Jump To Top

goodgameempireplay

clindamycin 25 mg

Dr Dawn Harper on signs of vitamin B12 and vitamin D deficiency

We use your sign-up to provide content in ways you’ve consented to and to improve our understanding of you. This may include adverts from us and 3rd parties based on our understanding. You can unsubscribe at any time. More info

According to Lloyds Pharmacy, some of the symptoms of a vitamin B12 deficiency can appear in how the brain operates with neurological symptoms more akin to those associated with dementia.

This includes “Trouble remembering things and memory problems” as well as issues “with understanding and judgement”.

Meanwhile, is septilin good for throat infection the NHS lists the symptoms of a vitamin B12 deficiency as:
• A pale yellow tinge to your skin
• A sore and red tongue
• Mouth ulcers
• Pins and needles
• Changes in the way you walk and move around
• Disturbed vision
• Irritability
• Depression
• Changes in the way you think, feel, and behave
• A decline in mental abilities.

The NHS added: “Some of these symptoms can also happen in people who have a vitamin B12 deficiency but have not developed dementia.” It is essential that someone with these symptoms sees a GP as quickly as possible as an untreated B12 deficiency can have a range of complications.

For example, an untreated vitamin B12 deficiency can cause a range of physiological complications including infertility, stomach cancer and neural tube defects. Regarding stomach cancer, the NHS said: “If you have a vitamin B12 deficiency caused by pernicious anaemia, a condition where your immune system attacks healthy cells in your stomach, your risk of developing stomach cancer is increased.”

What is pernicious anaemia?

Pernicious anaemia is an autoimmune condition which occurs when the body’s immune system attacks the stomach, specifically, the relationship between vitamin B12 and intrinsic factor.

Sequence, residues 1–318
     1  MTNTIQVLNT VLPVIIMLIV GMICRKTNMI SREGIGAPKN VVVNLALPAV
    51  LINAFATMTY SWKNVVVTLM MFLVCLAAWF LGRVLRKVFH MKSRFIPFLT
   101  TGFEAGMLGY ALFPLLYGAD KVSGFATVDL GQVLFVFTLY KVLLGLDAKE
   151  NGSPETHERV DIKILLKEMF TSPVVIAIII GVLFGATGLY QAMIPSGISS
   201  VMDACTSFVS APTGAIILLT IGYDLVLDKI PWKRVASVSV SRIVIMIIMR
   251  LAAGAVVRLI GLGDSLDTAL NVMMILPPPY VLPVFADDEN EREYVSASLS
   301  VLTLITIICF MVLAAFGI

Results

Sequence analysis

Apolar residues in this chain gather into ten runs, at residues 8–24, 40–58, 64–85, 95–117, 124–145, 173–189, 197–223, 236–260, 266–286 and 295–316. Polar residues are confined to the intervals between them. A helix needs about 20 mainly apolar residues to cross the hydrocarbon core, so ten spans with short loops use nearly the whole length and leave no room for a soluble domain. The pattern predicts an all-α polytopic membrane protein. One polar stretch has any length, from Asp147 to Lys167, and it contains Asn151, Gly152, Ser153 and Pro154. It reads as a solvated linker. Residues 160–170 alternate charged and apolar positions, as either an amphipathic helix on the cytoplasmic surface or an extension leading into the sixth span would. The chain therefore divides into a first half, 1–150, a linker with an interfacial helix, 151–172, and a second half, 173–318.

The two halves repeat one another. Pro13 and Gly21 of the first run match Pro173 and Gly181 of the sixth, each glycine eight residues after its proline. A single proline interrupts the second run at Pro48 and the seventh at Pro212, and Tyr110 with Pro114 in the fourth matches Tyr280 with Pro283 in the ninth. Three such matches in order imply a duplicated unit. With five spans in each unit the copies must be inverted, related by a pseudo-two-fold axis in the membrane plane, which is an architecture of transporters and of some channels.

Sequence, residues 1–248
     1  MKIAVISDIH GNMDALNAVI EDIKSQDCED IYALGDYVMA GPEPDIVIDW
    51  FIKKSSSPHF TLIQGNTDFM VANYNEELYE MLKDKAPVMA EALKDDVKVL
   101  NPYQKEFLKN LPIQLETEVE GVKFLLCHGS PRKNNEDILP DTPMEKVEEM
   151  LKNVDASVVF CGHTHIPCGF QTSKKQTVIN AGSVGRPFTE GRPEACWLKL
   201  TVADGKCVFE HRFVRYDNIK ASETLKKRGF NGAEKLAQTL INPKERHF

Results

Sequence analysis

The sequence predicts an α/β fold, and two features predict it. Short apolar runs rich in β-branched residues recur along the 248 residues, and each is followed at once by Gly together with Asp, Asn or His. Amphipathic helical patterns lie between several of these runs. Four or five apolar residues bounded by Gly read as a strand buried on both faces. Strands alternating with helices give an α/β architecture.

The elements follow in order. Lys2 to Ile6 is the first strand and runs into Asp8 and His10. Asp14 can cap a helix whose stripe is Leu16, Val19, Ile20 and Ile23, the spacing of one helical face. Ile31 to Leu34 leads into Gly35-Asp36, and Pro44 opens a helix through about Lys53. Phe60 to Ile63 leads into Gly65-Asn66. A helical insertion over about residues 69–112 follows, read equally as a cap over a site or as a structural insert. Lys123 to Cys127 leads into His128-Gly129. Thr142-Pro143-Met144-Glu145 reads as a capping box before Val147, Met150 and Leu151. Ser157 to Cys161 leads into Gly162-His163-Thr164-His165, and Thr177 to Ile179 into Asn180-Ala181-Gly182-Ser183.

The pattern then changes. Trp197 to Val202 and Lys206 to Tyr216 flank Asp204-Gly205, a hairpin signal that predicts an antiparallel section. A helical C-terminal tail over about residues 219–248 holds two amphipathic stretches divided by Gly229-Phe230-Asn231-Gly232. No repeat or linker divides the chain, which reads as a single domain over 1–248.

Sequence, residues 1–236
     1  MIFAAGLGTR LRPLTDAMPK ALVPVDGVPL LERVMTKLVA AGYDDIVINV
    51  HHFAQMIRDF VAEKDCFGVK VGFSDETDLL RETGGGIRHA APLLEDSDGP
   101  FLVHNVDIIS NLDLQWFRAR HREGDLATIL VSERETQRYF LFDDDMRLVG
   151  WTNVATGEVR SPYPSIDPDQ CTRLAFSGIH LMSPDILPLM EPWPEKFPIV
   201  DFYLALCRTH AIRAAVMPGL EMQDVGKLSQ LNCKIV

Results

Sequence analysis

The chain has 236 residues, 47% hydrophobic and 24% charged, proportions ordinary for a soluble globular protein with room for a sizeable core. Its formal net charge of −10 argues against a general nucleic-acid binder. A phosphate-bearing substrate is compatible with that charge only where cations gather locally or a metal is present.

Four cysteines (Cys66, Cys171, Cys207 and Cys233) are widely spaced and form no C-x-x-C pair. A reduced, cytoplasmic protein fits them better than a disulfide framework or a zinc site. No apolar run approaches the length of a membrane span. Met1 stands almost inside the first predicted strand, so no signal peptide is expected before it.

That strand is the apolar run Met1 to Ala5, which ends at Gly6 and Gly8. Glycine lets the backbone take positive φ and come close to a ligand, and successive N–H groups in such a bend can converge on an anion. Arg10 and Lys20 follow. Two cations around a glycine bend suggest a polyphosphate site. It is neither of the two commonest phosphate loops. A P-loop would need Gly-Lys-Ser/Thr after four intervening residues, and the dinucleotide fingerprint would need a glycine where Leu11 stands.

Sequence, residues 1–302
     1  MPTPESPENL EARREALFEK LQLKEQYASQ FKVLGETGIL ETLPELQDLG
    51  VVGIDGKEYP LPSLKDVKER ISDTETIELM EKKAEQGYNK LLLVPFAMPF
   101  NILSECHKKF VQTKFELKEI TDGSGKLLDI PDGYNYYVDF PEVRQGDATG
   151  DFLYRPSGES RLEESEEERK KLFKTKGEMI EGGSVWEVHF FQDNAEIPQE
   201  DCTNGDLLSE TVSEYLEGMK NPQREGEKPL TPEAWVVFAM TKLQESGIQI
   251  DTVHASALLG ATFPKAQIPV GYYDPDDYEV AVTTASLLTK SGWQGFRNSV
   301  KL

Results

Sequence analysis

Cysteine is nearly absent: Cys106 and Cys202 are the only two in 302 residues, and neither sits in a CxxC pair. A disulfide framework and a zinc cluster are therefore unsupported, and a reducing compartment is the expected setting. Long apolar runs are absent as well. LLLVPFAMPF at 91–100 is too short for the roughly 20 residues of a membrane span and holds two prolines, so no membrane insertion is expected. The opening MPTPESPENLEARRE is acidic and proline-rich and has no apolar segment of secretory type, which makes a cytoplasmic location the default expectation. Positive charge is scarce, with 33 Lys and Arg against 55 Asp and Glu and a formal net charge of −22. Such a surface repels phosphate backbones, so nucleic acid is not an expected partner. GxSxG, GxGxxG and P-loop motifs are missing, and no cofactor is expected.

Vitamin B12 is combined with intrinsic factor in the stomach in order to help the absorption of the vitamin into the body. Pernicious anaemia attacks the cells which produce the intrinsic factor, leaving the body unable to absorb the B12.

Scientists have not yet worked out the exact cause of pernicious anaemia. What they do know is that women over the age of 60, those with another autoimmune condition, and those with a family history of the condition are more likely to have it.

However, as well as harming adults in later life, a B12 deficiency can also harm people at the beginning of their life according to a study conducted by the University of Copenhagen.

Published in the journal Plos Medicine earlier this year, the study analysed the impact of a B12 deficiency in infants on their development.

They found that those with a B12 deficiency had poorer motor development than those that didn’t. The conclusions were reached after analysis of over 1,000 children between the ages of six and 23 months old.

Speaking about the study, first author of the study Henrik Friis said: “Among the many children who participated in our study, we found a strong correlation between vitamin B12 deficiency and poor motor development and anaemia.

“B12 deficiency is one of the most overlooked problems out there when it comes to malnutrition. And unfortunately, we can see that the food relief we provide today is not up to the task.”

While the instinct may be to dose up on vitamin B12 through the diet, the authors said short-term food relief does not compensate for the deficiency of B12. Friis said: “During the period when children were provided with food relief, their

B12 levels increased, before decreasing considerably once we stopped the programme.
“Despite provisioning them with food relief for three months, their stores remained far from topped up. This, when a typical food relief programme only runs for four weeks.”

The reason for this, according to Brix Christensen, is to do with a child’s physiology: “A child’s gut can only absorb 1 microgram of B12 per meal. So, if a child is lacking 500 micrograms, it will take much longer than the few weeks that they have access to emergency food relief.”

“Furthermore, longer-term relief programmes aren’t realistic, as humanitarian organizations are trying to reduce the duration of treatment regimens with the aim of being able to serve a larger number of children for the same amount of money.”

For adults, increasing levels of B12 through the diet is one way to boost levels alongside medication. Sources of B12 include:
• Meat
• Salmon
• Cod
• Milk
• Eggs.

What if I’m vegan?

Vegans can’t eat some foods which are high in B12. On this, the NHS says: “If you’re a vegetarian or vegan, or are looking for alternatives to meat and dairy products, there are other foods that contain vitamin B12, such as yeast extract (including Marmite), as well as some fortified breakfast cereals and soy products.”

Source: Read Full Article